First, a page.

Smiling friends walking in the meadows with yoga mats. Concept of being in nature.

The Nature Cure for Stress Relief

Beth Levine for Jon Barron Baseline of Health® Foundation
Updated: 
October 18, 2022

Some days, it seems as if nothing is going right. A lot of little things may add up or one major thing bothering you, like paying bills, an argument with your significant other, or worries about a health issue. But whatever the cause may be, it is essential to recognize when you’re getting frazzled and do something to ease your stress. And achieving that relief might even be easier than you realize. According to new research, the nature cure may be just what you need. All it may take is a little time spent in nature.

Research on the Nature Cure to Soothe StressWoman in the forest admiring the trees.

The study, which was conducted at the University of Michigan in Ann Arbor, found that spending 20 minutes or more in nature is linked to a significant drop in stress hormone levels. (1) These results are based on an investigation that included 36 men and women with a mean age of almost 46, all of whom were residing in urban areas.
 
Over the course of eight weeks, the subjects were given the mandate to visit an outdoor setting where they would feel as if they were encountering nature. They chose the locations themselves and decided when they wanted to go within the guidelines that it be three times a week for a minimum of 10 minutes per visit throughout the duration of the study. The volunteers were discouraged from engaging in certain activities that could affect their stress levels while out in their nature spot, including exercising, having conversations with others, reading, and, need I say it, using their cell phones.
 
At four random times, the researchers collected samples of the participants’ saliva both before and after one of the nature sessions. The levels of cortisol—the fight-or-flight stress hormone released by the adrenal glands—were measured and were found to be an average of 21.3 percent lower per hour after interacting with nature.

Just a Small Dose of the Nature Cure is All You NeedWoman meditating on a beautiful sunrise.

Interestingly, a length of 20 to 30 minutes spent outdoors appears to be the ideal duration to achieve the benefits of reduced cortisol levels. Longer periods of time in nature remained beneficial to the subjects, but the dip in cortisol was lower. 
 
The investigators also checked levels of alpha-amylase, an enzyme in the saliva known to be a reliable biomarker of stress levels. They discovered that those who chose to simply sit in their nature spot or did a combination of sitting and strolling had a 28 percent per hour reduction in alpha-amylase.
 
This study is obviously limited by the very small size of its population sample, which makes it difficult to say whether the results could be replicated in a larger, more diverse group. Yet despite that, its findings seem to be very much in line with those of other similar research. For example, a 2010 study at the University of Essex in the United Kingdom showed that just five minutes of exercise in a natural setting improves mental health.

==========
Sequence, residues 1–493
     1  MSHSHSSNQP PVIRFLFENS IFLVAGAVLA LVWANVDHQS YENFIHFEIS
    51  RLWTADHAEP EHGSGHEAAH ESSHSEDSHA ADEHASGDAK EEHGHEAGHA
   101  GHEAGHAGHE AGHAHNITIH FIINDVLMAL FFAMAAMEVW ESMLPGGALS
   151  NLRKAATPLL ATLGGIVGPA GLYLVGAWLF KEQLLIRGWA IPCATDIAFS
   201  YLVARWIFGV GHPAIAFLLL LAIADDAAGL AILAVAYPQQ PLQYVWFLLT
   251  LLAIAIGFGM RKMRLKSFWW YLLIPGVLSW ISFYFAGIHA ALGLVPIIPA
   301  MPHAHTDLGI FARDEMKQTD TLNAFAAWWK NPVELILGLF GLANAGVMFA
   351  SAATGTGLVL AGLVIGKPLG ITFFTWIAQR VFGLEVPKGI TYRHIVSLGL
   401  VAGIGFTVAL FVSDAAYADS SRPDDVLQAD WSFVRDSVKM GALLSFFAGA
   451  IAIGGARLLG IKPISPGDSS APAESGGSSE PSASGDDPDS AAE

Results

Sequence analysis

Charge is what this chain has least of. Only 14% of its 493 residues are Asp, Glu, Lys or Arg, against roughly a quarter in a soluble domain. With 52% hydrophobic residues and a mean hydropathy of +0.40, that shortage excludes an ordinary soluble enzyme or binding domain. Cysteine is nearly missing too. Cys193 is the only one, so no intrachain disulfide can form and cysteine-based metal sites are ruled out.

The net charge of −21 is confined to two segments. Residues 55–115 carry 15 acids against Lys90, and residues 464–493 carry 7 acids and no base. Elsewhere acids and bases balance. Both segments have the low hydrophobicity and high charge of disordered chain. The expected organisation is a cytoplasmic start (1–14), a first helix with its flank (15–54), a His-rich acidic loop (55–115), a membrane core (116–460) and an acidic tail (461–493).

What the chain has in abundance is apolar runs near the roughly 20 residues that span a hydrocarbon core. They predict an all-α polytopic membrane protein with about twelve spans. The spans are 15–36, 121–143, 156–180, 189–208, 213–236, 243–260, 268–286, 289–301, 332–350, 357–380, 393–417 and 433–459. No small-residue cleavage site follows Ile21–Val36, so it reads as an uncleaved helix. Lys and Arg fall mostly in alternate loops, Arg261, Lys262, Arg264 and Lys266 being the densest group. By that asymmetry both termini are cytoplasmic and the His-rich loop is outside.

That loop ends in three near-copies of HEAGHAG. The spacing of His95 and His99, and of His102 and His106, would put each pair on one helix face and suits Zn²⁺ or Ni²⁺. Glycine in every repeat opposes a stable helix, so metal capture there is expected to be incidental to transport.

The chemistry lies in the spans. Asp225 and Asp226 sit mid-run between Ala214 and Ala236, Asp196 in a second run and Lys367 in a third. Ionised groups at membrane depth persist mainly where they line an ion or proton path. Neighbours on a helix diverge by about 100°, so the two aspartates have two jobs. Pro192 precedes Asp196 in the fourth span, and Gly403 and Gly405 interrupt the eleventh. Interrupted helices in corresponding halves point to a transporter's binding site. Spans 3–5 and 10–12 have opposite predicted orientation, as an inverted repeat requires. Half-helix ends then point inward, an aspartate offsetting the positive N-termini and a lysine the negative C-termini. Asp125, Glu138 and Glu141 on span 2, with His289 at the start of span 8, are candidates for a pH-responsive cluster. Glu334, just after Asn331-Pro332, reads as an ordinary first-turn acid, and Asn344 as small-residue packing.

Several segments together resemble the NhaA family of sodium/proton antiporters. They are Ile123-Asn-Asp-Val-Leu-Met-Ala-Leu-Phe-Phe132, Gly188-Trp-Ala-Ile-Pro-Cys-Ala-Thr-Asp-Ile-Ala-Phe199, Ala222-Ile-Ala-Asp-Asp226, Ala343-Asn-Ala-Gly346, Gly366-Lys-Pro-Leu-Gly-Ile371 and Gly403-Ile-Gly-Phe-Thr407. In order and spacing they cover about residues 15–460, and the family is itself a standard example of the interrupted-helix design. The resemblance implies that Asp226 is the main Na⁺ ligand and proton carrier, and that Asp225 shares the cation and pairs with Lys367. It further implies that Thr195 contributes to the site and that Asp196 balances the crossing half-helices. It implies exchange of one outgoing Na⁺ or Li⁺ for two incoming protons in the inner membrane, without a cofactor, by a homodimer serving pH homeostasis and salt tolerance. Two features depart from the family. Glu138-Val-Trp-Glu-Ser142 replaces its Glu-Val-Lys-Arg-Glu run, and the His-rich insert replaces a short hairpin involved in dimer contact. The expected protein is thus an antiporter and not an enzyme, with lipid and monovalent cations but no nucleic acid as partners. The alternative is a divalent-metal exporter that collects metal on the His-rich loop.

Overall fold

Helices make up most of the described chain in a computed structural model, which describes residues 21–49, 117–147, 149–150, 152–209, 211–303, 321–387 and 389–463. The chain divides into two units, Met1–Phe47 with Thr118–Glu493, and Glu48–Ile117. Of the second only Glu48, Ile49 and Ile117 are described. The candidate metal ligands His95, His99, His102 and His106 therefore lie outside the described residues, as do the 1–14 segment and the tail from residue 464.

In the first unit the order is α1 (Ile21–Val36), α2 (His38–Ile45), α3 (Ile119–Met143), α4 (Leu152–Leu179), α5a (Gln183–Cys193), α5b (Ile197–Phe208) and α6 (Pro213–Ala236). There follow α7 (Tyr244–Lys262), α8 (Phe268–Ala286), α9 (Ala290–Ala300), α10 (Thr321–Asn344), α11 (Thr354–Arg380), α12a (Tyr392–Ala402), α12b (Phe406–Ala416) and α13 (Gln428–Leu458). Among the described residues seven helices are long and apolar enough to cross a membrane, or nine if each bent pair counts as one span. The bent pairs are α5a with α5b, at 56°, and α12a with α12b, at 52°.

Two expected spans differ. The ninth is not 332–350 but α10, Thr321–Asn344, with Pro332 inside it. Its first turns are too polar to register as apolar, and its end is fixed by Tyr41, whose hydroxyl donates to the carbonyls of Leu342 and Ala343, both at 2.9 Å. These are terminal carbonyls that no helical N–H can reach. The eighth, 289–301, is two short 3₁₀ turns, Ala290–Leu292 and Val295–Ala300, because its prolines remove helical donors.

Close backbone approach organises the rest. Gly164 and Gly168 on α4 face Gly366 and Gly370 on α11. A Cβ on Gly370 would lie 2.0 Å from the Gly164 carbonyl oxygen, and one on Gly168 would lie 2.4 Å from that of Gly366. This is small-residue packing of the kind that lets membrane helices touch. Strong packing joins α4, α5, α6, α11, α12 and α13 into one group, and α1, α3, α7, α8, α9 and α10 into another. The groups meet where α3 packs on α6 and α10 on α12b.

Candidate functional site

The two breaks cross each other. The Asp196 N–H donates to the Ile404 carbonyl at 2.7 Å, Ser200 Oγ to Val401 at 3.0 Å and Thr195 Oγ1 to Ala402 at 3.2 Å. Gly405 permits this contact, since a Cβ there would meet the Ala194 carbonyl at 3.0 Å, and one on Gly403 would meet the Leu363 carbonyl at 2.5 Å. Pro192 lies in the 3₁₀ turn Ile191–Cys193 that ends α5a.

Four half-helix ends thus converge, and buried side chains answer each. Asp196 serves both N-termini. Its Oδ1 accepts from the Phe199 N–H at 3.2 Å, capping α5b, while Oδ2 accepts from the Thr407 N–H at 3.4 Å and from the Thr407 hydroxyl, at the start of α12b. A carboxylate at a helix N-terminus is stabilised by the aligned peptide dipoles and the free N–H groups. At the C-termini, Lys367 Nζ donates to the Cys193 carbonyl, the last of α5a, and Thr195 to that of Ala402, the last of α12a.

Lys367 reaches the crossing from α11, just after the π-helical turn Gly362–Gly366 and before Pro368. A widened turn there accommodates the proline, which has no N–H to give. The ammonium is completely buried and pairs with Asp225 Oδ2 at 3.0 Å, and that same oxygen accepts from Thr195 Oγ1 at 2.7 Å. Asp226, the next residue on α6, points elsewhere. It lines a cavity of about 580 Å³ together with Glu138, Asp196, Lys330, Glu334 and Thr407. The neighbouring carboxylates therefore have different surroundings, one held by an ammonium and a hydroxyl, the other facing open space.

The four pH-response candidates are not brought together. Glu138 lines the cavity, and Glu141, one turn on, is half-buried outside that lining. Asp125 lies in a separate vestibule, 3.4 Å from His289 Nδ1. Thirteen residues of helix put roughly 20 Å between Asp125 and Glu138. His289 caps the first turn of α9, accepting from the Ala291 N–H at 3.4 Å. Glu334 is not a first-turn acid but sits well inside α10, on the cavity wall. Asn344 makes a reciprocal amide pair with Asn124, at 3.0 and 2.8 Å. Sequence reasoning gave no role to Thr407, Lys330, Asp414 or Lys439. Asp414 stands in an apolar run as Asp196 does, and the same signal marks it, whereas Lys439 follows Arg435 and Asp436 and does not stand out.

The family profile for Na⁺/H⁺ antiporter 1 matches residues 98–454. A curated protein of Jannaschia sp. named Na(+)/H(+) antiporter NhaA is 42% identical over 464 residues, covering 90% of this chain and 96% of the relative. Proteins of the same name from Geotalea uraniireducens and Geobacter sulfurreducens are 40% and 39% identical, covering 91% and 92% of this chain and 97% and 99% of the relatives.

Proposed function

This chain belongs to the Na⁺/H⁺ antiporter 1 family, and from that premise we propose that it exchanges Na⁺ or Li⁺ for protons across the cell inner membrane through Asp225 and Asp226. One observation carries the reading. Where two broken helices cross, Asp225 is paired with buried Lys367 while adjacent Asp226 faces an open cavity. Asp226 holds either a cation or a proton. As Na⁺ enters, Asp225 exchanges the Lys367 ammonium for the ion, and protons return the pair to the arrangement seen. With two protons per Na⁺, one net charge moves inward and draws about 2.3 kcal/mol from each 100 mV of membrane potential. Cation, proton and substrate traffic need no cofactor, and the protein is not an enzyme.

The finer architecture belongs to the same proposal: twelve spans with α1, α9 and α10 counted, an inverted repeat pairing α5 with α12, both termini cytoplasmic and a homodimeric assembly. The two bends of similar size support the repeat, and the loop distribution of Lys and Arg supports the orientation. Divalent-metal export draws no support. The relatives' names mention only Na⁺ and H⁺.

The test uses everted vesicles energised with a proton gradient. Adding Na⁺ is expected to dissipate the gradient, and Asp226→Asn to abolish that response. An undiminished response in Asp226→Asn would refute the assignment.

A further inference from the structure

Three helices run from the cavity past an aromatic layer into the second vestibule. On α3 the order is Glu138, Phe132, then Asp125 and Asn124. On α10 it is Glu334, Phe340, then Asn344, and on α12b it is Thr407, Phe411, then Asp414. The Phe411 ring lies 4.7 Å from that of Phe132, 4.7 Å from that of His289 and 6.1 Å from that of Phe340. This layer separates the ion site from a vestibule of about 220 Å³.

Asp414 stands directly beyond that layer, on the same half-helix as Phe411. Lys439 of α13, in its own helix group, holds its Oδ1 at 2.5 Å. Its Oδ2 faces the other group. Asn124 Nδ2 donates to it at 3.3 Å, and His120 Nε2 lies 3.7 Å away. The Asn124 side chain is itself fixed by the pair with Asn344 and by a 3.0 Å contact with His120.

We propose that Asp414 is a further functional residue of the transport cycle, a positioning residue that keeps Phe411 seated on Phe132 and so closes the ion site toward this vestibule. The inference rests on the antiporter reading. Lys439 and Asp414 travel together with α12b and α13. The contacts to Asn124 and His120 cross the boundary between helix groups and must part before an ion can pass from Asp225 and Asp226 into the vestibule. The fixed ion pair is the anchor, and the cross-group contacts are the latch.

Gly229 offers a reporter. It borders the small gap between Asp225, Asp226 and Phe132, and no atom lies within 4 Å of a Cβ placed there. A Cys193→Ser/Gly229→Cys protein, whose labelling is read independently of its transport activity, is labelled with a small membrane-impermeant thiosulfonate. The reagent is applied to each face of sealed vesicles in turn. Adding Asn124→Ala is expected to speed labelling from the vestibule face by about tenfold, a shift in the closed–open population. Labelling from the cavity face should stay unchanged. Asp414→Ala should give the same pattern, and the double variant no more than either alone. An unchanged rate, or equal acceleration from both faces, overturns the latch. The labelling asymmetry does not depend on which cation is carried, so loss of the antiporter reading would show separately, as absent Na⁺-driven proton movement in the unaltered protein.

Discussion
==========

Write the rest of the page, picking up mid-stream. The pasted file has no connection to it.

It would certainly do us no harm to start communing with nature a little more. We should “stop and smell the roses” for a reason. It is healthy for us to spend a little time outdoors in the sunshine and fresh air, admiring the beauty of the vast natural world that surrounds us. 
 
People who live in more urban environments might reap greater benefits since this is not a typical setting, so it would be good for you to find a nearby park or garden that could be your go-to place for your nature cure. Suburbanites and country dwellers might not need to make as much effort but should still reserve some time throughout the week to take a stroll around the neighborhood or at least sit on the porch or in the backyard, just taking in nature’s bounty without a cell phone in your hand.

Photos of Nature Also Beneficial

If you have trouble getting to a nature spot regularly, a mural of a nature scene or images of flowers as your screensaver might be the next best thing to an in-person nature cure. No joke. A 2008 study at the University of Michigan in Ann Arbor found that looking at pictures of nature offers cognitive benefits similar to that of walking in nature. (2)

 

 

 

Dr. Arielle Schwartz, Yoga Teacher, YogaU Presenter, The Vagus Nerve, Trauma-Informed Yoga
 

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Jon Barron is the founder of the Baseline of Health® Foundation, whose website attracts millions of visitors worldwide so people can learn about health and nutrition for free. He has lectured internationally and featured on many regional and syndicated media programs as an expert in disease prevention, anti-aging, and nutrition.

 

 

Resources

↑1 Hunter, MaryCarol R.; et al. “Urban Nature Experiences Reduce Stress in the Context of Daily Life Based on Salivary Biomarkers.” Frontiers in Psychology. 4 April 2019. Accessed 10 April 2019. https://www.frontiersin.org/articles/10.3389/fpsyg.2019.00722/full
 
↑2 Berman, Marc G.; et al. “The Cognitive Benefits of Interacting With Nature.” Psychological Science. 1 December 2008. Accessed 11 April 2019. http://journals.sagepub.com/doi/abs/10.1111/j.1467-9280.2008.02225.x.